Saturday, 19 December 2009

Cooking the books

No, I do not refer to an accounting anomaly, nor to the tv programme that is hosted by the rather incongruous Jeremy Edwards, but to the fact that since eating out has become a bit of a rarity we have taken to doing quite a bit of cooking, some of which has been more sucessful than others. Rather than go into each recipe in detail I thought I would reference the book, provide a link if possible, tell you the pros and cons of each, and ultimately what we thought.

John Pawson and Annie Bell-Living and Dining- kedgeree
I love this. It's one of those breakfasts you have when its wet and cold outside and you feel like a treat. This book is a couple of years old and was given to me by my good friend John. I remember he made this for me for breakfast one day. I have to say though, Kedgeree is not Kedgeree without boiled eggs, so I add these quartered at the end.

Sunday Suppers at Lucques-Suzanne Goin
I first heard of this book on one of my favourite food blogs the Amateur Gourmet. He had made the spicy pork stew which is one of the tastiest things I have ever made. I got this book last year for Christmas but with one thing and another have only just got round to exploring it. I have to say the beef stew is very similar in concept to the pork stew but for some reason I find the pork stew to be better.

Beouf a la nicoise braisedbeef stew with red wine, tomato, olives and buttered noodles (spiced pork stew with polenta root vegetables and gremolata)
grilled pork burgers with rob's famous coleslaw

These pork burgers are amazing! How can something that contains 3 different types of pork loveliness not be delicious? A must. The coleslaw was also a revelation and could be eaten on it's own or with anything else you fancy.

Roast figs, sugar, snow- Diana Henry
Stryian venison with chesnuts cranberries and wild mushrooms

I don't think I really like venison which is a shame, for HI loves it and insists on putting it in everything he cooks. Having said that, I did quite like this stew. The mushrooms and cranberries are simmered down for ages and provide that earthy foil that venison sems to require.

Roast chicken and other stories/ second helpings of roast chicken- simon hopkinson
braised rabbit with white wine, shallots, rosemary and cream/ braised rabbit with cabbage, garlic and bacon
This is yum especially with goose roasties. We amalgamated the two recipes to end up with a pot of loveliness. I highly recommend both these books.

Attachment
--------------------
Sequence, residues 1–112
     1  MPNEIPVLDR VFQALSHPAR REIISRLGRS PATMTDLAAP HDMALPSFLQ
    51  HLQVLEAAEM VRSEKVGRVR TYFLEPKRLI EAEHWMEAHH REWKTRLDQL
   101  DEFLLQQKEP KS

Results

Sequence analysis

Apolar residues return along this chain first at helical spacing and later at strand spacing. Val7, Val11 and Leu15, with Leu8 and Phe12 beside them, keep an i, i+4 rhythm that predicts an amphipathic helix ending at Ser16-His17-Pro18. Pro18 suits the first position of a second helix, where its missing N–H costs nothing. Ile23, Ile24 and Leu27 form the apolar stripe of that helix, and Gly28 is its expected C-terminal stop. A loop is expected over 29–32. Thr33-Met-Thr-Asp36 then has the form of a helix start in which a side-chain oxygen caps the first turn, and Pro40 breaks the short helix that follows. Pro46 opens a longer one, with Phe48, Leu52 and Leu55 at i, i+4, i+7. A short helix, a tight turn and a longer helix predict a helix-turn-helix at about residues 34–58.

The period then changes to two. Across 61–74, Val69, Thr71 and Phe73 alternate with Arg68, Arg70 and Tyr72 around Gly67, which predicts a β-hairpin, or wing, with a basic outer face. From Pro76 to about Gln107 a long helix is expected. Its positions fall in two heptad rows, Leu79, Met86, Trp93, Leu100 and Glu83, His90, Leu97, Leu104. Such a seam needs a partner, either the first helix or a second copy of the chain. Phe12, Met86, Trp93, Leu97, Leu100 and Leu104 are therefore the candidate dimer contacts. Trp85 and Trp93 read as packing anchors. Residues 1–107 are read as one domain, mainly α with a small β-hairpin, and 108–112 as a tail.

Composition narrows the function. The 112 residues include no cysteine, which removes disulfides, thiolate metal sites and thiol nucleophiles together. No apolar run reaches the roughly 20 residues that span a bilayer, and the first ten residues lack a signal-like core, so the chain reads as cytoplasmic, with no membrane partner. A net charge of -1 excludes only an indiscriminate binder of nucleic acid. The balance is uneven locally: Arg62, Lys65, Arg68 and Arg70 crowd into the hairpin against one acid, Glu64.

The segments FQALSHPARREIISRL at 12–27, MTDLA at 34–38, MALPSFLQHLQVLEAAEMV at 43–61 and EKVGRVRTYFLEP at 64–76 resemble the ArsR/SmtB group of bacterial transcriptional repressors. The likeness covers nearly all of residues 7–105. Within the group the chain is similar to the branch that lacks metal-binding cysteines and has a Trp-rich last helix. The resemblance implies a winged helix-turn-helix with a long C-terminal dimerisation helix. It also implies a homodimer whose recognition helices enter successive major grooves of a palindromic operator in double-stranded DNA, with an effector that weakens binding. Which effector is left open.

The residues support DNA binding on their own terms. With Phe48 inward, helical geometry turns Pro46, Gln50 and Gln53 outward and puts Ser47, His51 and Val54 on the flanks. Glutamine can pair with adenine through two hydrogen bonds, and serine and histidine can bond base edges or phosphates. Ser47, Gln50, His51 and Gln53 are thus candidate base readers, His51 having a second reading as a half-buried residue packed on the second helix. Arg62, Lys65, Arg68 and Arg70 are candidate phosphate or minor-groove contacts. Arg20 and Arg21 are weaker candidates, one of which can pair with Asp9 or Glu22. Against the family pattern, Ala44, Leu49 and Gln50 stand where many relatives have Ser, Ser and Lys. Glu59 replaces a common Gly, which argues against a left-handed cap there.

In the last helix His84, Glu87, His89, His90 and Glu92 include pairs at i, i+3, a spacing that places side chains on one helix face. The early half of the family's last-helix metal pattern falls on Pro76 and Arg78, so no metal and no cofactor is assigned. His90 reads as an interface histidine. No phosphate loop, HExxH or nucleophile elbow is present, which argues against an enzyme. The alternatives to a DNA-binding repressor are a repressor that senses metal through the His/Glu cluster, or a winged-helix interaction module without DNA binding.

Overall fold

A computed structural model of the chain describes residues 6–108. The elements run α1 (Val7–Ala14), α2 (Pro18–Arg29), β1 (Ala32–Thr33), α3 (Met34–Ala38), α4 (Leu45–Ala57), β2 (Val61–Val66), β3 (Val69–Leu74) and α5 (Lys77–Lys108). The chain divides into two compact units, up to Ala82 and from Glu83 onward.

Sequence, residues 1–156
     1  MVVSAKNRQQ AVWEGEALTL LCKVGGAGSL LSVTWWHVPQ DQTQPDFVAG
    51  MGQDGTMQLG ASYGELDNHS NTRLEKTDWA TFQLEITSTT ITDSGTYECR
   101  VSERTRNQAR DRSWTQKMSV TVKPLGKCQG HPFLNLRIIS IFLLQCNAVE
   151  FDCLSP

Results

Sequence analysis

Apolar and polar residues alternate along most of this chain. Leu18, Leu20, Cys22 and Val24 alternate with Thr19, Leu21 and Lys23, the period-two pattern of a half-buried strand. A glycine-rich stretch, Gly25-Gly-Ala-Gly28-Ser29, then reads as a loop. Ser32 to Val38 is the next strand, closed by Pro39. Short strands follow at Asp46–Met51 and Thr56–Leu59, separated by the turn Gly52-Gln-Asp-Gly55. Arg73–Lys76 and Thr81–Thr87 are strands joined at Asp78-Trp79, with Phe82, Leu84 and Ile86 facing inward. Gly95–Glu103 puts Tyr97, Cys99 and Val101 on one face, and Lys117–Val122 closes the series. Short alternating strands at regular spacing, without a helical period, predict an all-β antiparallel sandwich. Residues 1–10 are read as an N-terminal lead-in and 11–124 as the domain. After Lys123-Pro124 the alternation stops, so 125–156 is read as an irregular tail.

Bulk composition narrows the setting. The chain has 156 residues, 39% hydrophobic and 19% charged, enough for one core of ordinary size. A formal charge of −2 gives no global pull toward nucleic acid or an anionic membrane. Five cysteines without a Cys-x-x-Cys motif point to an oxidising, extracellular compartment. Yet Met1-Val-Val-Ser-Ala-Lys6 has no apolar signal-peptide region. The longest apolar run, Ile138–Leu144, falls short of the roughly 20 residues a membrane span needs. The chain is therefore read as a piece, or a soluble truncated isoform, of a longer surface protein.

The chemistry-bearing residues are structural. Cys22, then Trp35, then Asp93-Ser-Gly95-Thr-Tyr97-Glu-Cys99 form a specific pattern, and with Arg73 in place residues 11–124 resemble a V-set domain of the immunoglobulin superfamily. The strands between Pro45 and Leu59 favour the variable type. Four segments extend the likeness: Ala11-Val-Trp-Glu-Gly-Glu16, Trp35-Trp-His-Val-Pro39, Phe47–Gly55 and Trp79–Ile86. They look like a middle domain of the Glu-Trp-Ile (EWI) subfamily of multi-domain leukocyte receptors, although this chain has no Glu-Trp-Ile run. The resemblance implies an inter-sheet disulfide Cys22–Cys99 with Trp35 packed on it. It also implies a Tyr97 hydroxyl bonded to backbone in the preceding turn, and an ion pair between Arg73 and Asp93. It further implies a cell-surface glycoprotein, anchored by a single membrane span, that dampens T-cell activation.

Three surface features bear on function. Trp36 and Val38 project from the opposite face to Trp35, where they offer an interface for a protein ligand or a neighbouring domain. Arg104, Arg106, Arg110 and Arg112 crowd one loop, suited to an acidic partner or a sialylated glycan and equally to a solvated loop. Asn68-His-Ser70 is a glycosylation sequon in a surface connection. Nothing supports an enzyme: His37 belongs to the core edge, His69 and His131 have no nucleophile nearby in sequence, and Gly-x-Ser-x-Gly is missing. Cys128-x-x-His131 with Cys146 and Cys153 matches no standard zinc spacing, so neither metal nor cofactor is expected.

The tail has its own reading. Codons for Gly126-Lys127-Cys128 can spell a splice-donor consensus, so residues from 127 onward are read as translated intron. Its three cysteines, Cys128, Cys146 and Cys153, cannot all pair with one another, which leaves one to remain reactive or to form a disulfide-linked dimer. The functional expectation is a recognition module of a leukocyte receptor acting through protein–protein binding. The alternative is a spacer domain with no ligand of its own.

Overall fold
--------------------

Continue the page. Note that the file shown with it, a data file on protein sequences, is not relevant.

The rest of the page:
Nutmeg and custard-Marcus Wareing

poached and roasted chicken with almond and thyme crust and chargrilled cauliflower

Was not a big fan of this. The crust to me seemed pointless and was hard and tasteless and the cauliflower turned into an insipid mush. The book did not really have many things in it that I would want to cook and seemed a mish mash of recipes from various continents, going for that homely feel rather than exploring the fine dining cuisine that Marcus is known for, which seems a shame, as someone with his skill would have many things to teach.

Waitrose magazine
rioja pot roasted chicken vicky boghal

This is one of the tastiest chicken dishes I have had in a long time. The addition of chorizo results in a very, very rich and unctous sauce at the bottom. Very moreish, but probably quite bad for you as all that lovely chicken fat gets eaten up as opposed to thrown away!

Week in week out-Simon Hopkinson
Pot roasted chicken with potatoes, bacon, garlic and thyme.
Pot roasting is our new favourite way of cooking birds, and I amalgated this with the rioja chicken recipe so that the sauce was absorbed by the potatoes-very yum.

Sainsbury's magazine ragu, then ragu and mushroom lasagne April 2007

This ragu is probably one of the best smelling dishes we have cooked. It is also very tasty. I would forget about the lasagne and just eat it with rice. Unfortunately, I can't find a link online so you will just have to take my word for it.

Pot roasted guinea fowl with apples clavados and cream- delia online

Continuing on the pot-roasting theme, this was yum. Guinea fowl is a lovely bird and the sauce is rich and good with, you guessed it, goose roasties. The apples provide just enough sharpness to cut against the cream. It's the first time I had followed a Delia recipe, despite having the bible, but it will not be the last if, they all taste as good as this.